OCTOBER 20, 1958
NEW LONDON, Conn.—I am sure that every New Yorker was shocked the other day to read that Harry Belafonte and his charming wife and baby were finding it practically impossible to get an apartment in New York City except in what might be considered segregated areas or in a hotel. I have long been saying that in the North we have only one step to take to meet the Supreme Court order of non-segregation in schools, and that is non-segregation in housing. In New York State we have the laws necessary to achieve non-segregated housing if we saw that they were diligently respected.
There was a time when prohibitions against various racial groups were more prevalent than today. For instance, Jewish groups were much more concentrated in specific areas than they are now; and the same kind of thing was true of the Italians, the Irish or the Germans. Gradually these barriers have broken down, until it now remains for us to see that the barriers against our Puerto Rican and colored population also disappear.
There are beginnings to encourage us. The Committee on Civil Rights in Manhattan, for example, has issued a pamphlet on housing co-ops which may be the answer for a number of people. Some private builders who are planning and constructing co-op apartments are particularly interested in seeing that there is no discrimination in any project where they have invested their money. These cooperatives, of course, vary in price and location; some are in the suburbs, others can be found in the city. Many of them, however, are not in areas conveniently located for individuals of special interests. Therefore it is important that we press for the general freeing from restrictions of all New York City property.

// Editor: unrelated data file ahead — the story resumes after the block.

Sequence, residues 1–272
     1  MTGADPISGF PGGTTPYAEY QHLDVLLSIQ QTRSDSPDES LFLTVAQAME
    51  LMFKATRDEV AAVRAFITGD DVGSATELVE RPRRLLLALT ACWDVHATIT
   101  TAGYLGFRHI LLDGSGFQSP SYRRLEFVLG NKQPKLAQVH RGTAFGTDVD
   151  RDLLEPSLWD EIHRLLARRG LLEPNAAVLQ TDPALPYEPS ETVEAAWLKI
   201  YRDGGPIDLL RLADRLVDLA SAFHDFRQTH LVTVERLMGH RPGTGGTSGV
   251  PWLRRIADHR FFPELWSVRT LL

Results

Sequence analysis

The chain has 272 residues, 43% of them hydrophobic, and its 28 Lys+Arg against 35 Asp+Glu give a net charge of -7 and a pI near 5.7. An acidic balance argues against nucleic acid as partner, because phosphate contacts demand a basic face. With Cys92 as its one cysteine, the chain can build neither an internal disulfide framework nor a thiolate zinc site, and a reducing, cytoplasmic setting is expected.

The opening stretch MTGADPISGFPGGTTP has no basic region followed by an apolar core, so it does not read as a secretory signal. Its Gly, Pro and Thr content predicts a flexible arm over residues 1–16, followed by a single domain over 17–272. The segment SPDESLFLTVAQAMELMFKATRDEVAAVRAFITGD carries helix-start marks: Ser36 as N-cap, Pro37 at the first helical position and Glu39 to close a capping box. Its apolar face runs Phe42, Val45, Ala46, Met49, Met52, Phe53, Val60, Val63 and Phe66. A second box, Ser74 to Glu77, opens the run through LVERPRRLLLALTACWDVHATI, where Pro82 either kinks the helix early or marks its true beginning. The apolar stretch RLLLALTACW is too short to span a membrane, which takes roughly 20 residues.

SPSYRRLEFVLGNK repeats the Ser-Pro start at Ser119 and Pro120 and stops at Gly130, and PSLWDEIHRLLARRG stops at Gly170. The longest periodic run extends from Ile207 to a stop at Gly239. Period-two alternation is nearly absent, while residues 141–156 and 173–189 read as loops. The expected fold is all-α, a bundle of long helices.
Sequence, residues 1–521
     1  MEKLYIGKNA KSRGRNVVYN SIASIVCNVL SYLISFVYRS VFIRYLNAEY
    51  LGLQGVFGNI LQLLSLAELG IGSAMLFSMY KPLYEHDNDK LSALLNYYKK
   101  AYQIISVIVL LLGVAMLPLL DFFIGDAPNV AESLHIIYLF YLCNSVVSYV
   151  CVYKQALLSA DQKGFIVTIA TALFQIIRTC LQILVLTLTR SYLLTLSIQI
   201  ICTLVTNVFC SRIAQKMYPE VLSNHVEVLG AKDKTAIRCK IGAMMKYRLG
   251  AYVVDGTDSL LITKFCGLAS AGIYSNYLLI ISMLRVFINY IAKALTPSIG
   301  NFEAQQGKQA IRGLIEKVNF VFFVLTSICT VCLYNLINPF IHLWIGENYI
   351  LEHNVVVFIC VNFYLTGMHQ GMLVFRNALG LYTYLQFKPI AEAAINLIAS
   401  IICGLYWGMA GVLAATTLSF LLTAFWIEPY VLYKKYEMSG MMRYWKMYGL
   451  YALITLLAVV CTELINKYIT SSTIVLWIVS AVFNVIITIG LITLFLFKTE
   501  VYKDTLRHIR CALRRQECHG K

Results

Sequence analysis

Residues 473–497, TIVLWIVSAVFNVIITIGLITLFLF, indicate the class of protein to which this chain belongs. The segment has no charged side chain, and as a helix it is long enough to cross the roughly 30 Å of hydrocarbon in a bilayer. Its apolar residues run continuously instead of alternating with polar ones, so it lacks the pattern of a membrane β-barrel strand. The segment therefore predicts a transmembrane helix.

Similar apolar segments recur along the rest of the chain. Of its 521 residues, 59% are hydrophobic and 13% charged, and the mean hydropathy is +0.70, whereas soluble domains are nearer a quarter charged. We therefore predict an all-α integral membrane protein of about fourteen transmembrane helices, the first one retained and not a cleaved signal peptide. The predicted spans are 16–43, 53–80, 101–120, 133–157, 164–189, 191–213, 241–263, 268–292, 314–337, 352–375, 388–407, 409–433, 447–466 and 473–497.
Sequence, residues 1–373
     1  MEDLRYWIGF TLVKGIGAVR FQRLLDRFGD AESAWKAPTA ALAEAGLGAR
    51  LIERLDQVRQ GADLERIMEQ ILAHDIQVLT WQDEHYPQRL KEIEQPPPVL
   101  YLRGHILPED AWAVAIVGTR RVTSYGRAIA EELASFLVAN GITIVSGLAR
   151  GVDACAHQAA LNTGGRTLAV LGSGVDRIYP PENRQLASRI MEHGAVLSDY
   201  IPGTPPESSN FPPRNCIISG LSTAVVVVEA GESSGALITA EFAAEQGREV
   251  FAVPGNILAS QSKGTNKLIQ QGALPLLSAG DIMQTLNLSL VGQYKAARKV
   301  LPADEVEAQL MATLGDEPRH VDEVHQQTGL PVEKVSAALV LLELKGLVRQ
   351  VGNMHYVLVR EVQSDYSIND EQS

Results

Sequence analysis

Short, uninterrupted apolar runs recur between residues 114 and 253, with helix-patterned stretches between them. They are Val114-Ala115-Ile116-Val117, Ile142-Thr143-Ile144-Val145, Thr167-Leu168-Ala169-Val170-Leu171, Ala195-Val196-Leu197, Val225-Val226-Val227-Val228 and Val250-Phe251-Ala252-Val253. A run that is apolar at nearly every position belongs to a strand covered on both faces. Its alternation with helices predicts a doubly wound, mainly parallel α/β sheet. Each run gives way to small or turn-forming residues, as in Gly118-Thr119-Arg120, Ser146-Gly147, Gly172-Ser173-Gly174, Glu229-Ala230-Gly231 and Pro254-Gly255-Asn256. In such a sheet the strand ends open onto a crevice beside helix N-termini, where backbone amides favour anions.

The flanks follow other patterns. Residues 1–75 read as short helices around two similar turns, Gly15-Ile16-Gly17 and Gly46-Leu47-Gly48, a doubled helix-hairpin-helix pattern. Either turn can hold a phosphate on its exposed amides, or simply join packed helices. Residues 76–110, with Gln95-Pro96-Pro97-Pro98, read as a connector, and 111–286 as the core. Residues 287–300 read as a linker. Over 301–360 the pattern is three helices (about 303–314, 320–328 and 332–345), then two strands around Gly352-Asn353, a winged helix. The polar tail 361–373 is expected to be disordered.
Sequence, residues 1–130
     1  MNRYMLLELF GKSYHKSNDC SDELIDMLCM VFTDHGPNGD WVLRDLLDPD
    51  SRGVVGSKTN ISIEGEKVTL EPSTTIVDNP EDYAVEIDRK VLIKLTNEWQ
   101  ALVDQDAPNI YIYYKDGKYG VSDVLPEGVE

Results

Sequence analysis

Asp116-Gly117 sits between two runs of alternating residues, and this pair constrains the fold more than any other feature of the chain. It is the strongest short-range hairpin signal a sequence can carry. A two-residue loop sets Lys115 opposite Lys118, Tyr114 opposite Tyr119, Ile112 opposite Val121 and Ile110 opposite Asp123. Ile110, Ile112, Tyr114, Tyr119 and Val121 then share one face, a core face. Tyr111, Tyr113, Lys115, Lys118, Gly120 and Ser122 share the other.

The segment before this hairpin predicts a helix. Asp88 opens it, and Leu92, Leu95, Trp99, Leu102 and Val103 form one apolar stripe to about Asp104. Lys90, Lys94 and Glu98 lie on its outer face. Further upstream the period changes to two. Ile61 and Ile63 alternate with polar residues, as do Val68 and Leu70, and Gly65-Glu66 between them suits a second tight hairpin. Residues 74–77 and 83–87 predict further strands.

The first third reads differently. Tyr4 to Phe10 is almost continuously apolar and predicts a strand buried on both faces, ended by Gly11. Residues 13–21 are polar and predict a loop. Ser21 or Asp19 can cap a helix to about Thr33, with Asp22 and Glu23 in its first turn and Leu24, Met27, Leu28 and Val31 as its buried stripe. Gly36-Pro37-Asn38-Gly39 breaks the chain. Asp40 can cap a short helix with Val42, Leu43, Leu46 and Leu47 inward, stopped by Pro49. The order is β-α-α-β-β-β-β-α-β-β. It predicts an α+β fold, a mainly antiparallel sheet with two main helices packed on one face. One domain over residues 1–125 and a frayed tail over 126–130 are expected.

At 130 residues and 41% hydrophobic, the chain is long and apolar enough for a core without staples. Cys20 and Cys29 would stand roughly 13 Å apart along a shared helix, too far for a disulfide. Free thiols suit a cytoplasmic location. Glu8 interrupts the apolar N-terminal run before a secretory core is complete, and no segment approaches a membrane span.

Real estate people often frighten themselves and their clients by saying that property taken over by a Negro family forces the whole area quickly to become a Negro area and that property values go down. This, of course, depends upon the white people in the area. If they move out from places because of prejudice or fear, the character of the neighborhood inevitably will change and the value of the property may decrease. But if they learn to live with their neighbors without discrimination of any kind, they will soon find that their neighborhoods become simply mixed neighborhoods—neither all-white, nor all-Negro, nor all-Jewish, nor all-Italian. We are a mixture of races in New York City, and every neighborhood should in normal course become a mixed neighborhood.
I can think of nothing I would enjoy more than having Mr. and Mrs. Belafonte as my neighbors. I hope they will find a home shortly where they and their enchanting little boy can grow up without feeling the evils of the segregation pattern. Discrimination does something intangible and harmful to the souls of both white and colored people.